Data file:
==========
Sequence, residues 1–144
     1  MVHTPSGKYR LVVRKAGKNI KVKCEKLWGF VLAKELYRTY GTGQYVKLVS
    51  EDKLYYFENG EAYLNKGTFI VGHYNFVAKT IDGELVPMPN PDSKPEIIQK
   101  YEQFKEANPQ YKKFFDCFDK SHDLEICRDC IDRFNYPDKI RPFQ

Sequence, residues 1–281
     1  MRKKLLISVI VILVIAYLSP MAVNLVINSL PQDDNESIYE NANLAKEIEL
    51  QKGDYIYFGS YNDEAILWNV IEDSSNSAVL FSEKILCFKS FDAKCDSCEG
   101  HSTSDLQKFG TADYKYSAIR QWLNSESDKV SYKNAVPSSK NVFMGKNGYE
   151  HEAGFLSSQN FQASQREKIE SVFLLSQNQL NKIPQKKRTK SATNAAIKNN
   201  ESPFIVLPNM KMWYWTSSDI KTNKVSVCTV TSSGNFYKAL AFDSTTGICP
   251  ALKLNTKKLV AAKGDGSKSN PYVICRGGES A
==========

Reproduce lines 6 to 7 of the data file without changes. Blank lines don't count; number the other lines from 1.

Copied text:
     1  MRKKLLISVI VILVIAYLSP MAVNLVINSL PQDDNESIYE NANLAKEIEL
    51  QKGDYIYFGS YNDEAILWNV IEDSSNSAVL FSEKILCFKS FDAKCDSCEG